Currently little translational genomic research exists to guide the availability, comprehension, and appropriate uptake of personalized genomics in diverse, general population subgroups that stand to benefit from it in the coming years. The Multiplex Study led by the National Human Genome Research Institute (NHGRI) developed an Internet offer of genomic testing and risk feedback for common diseases, including the melanocortin receptor gene (MC1R) for melanoma risk, that was highly comprehensible, accurately interpreted, and did not increase distress in a primary care population. Melanoma skin cancers are preventable, curable, common in the general population, and disproportionately increasing in Hispanics. Higher risk variants in MC1R are present in about 50% of the population, interact with sun exposure, and confer 2-3 fold melanoma risk in the general population - even darker skin populations - thus feedback regarding MC1R risk status is a potential vehicle to raise risk awareness and protective behavior in the general population. We propose a randomized controlled trial examining Internet presentation of the risks and benefits of personalized genomic testing for melanoma (PGT-M) via MC1R testing (N=885, randomized 6:1 PGT-M versus waiting list control offered testing after outcome assessments, balanced across Hispanic versus Non-Hispanic ethnicity, n=750 in PGT-M arm;n=135 in control arm) comparing personal utility and reach in a general population cohort in Albuquerque New Mexico, where there is year-round sun exposure.
Aim I will examine the personal utility of PGT-M in terms of short-term (three month) sun protection, skin screening (i.e., behaviors), communication, melanoma threat and control beliefs (i.e., putative mediators of behavior change). We hypothesize that behaviors and putative mediators will be higher in those who test compared to those who decline testing.
Aim 1 a will examine potential unintended consequences of testing among those who receive average risk PGT-M findings, examining predictors of sun protection at three months as the outcome. These findings will be used to develop messages for groups that receive average risk feedback.
Aim II will compare rates of reach of PGT-M in Hispanic versus Non-Hispanics in terms of consideration of the pros and cons of testing and registration of PGT-M decision. We hypothesize that Hispanics will show reduced reach, but that levels of health literacy, health system distrust, and sociocultural factors (cancer fatalism, family health orientation, skin cancer misconceptions) will explain differences in reach between Hispanics and Non- Hispanics, and provide guidance for future PGT-M modifications for Hispanics.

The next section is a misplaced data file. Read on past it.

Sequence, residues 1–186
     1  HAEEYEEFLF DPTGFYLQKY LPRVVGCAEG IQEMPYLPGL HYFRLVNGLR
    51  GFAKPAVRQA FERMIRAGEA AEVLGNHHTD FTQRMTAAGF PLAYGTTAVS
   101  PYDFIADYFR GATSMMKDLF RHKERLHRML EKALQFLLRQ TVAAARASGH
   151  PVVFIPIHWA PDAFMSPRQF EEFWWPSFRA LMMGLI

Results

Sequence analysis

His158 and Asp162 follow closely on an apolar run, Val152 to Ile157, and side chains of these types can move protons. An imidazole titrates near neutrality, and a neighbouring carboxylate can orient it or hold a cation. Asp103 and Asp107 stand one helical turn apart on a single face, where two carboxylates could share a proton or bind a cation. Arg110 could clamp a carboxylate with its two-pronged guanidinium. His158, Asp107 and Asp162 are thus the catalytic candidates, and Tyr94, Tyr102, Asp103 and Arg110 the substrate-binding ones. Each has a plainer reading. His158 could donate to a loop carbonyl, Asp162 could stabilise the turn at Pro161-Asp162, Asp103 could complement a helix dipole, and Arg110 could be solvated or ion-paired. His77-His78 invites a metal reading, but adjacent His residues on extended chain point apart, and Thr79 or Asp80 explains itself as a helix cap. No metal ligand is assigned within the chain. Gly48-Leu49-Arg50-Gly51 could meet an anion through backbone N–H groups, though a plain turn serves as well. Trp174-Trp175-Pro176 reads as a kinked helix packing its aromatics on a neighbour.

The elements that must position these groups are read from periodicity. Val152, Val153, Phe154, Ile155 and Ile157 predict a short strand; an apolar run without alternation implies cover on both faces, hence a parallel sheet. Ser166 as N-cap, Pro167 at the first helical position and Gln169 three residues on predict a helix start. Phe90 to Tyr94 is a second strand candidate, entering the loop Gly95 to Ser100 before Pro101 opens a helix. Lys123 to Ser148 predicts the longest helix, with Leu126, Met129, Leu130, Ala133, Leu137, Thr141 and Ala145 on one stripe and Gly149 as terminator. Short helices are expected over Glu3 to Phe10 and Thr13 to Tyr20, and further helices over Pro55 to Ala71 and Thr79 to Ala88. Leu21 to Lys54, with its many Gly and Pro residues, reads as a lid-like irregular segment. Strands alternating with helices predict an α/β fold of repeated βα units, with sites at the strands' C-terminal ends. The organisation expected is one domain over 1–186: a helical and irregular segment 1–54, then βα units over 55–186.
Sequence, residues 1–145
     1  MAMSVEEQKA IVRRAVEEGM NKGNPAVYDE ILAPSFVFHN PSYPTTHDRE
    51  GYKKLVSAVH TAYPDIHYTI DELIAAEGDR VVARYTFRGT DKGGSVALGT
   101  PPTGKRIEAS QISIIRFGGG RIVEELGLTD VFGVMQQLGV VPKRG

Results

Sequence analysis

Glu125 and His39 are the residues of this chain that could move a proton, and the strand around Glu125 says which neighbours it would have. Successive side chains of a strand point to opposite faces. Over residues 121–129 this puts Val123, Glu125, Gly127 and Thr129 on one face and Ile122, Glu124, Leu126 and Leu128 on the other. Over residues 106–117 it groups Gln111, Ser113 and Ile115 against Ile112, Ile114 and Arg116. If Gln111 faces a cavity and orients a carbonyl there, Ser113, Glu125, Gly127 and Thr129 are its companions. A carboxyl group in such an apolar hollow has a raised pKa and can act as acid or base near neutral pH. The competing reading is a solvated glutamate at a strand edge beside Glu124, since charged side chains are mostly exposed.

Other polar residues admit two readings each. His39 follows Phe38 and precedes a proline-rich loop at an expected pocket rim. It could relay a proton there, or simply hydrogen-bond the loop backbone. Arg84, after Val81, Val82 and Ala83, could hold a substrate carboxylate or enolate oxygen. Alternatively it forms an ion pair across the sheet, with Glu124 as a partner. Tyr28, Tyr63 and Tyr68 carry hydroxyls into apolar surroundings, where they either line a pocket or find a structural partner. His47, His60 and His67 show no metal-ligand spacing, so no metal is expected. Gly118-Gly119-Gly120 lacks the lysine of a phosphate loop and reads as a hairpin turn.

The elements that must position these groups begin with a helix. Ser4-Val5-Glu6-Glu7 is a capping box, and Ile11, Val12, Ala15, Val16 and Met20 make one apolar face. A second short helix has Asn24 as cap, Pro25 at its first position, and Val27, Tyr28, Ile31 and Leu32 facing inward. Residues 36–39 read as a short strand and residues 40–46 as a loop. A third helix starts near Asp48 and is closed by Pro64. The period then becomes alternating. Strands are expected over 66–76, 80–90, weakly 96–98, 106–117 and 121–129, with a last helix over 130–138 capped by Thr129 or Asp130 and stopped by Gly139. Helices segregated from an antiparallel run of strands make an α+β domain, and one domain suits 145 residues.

Aim III will examine PGT-M feedback comprehension, recall, satisfaction, and cancer-related distress in those who undergo testing, and whether these outcomes differ by ethnicity (Hispanic versus Non-Hispanic) or sociocultural or demographic factors. The current study will be the first to use the established Multiplex invitation for skin cancer genetic risk testing to examine behavioral outcomes, and the first to use Multiplex to engage a Hispanic population - neither was addressed in the original Multiplex Study. The study will have important implications for personalized genomics in the melanoma context, and will be broadly applicable as a model for delivery of personalized genomic feedback for other conditions, as well. PHS 398/2590 (Rev. 06/09) Page Continuation Format Page

Public Health Relevance

This is a randomized controlled trial examining personal utility (sun protection behavior change, communication, cognitions) and test reach (consideration of testing) in participants randomized to Internet approach to presenting the risks and benefits of personalized genomic testing for melanoma (PGT-M;via MC1R testing) vs. waiting list control (offered testing after 3-month outcome assessments) in a general population cohort in Albuquerque New Mexico that is 50% Hispanic, 50% Non-Hispanic. Examination of this question will have important implications for personalized genomics in the melanoma context, and will be broadly applicable as a model for delivery of personalized genomic feedback for other conditions, as well.

National Institute of Health (NIH)
National Cancer Institute (NCI)
Research Project (R01)
Project #
Application #
Study Section
Program Officer
Patrick, Heather A
Project Start
Project End
Budget Start
Budget End
Support Year
Fiscal Year
Total Cost
Indirect Cost
New York
United States
Zip Code
Hay, Jennifer L; Zielaskowski, Kate; Meyer White, Kirsten et al. (2018) Interest and Uptake of MC1R Testing for Melanoma Risk in a Diverse Primary Care Population: A Randomized Clinical Trial. JAMA Dermatol 154:684-693
Kanetsky, Peter A; Hay, Jennifer L (2018) Marshaling the Translational Potential of MC1R for Precision Risk Assessment of Melanoma. Cancer Prev Res (Phila) 11:121-124
Hay, Jennifer L; Riley, Kristen E; Geller, Alan C (2017) Tanning and Teens: Is Indoor Exposure the Tip of the Iceberg? Cancer Epidemiol Biomarkers Prev 26:1170-1174
Berwick, Marianne; Doré, Jean-François (2017) Invited Commentary: Indoor Tanning-A Melanoma Accelerator? Am J Epidemiol 185:157-159
Hay, Jennifer L; Berwick, Marianne; Zielaskowski, Kate et al. (2017) Implementing an Internet-Delivered Skin Cancer Genetic Testing Intervention to Improve Sun Protection Behavior in a Diverse Population: Protocol for a Randomized Controlled Trial. JMIR Res Protoc 6:e52
Rodríguez, Vivian M; Robers, Erika; Zielaskowski, Kate et al. (2017) Translation and adaptation of skin cancer genomic risk education materials for implementation in primary care. J Community Genet 8:53-63
Berwick, Marianne (2016) Reply to S. Lehrer et al and J.C. Dowdy and R.M. Sayre. J Clin Oncol 34:638-9